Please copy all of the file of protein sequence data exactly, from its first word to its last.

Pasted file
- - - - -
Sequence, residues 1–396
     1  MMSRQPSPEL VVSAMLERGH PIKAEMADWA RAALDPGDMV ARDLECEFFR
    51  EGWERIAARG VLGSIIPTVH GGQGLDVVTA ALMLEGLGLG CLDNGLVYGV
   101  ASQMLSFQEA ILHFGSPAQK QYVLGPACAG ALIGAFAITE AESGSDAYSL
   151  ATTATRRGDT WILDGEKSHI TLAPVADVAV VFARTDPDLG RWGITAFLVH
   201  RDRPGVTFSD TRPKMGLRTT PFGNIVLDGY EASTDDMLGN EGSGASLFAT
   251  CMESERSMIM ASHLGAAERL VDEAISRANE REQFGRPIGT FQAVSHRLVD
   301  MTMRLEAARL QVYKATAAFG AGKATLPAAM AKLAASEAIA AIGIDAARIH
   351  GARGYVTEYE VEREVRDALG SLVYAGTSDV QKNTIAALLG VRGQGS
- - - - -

Sequence, residues 1–396
     1  MMSRQPSPEL VVSAMLERGH PIKAEMADWA RAALDPGDMV ARDLECEFFR
    51  EGWERIAARG VLGSIIPTVH GGQGLDVVTA ALMLEGLGLG CLDNGLVYGV
   101  ASQMLSFQEA ILHFGSPAQK QYVLGPACAG ALIGAFAITE AESGSDAYSL
   151  ATTATRRGDT WILDGEKSHI TLAPVADVAV VFARTDPDLG RWGITAFLVH
   201  RDRPGVTFSD TRPKMGLRTT PFGNIVLDGY EASTDDMLGN EGSGASLFAT
   251  CMESERSMIM ASHLGAAERL VDEAISRANE REQFGRPIGT FQAVSHRLVD
   301  MTMRLEAARL QVYKATAAFG AGKATLPAAM AKLAASEAIA AIGIDAARIH
   351  GARGYVTEYE VEREVRDALG SLVYAGTSDV QKNTIAALLG VRGQGS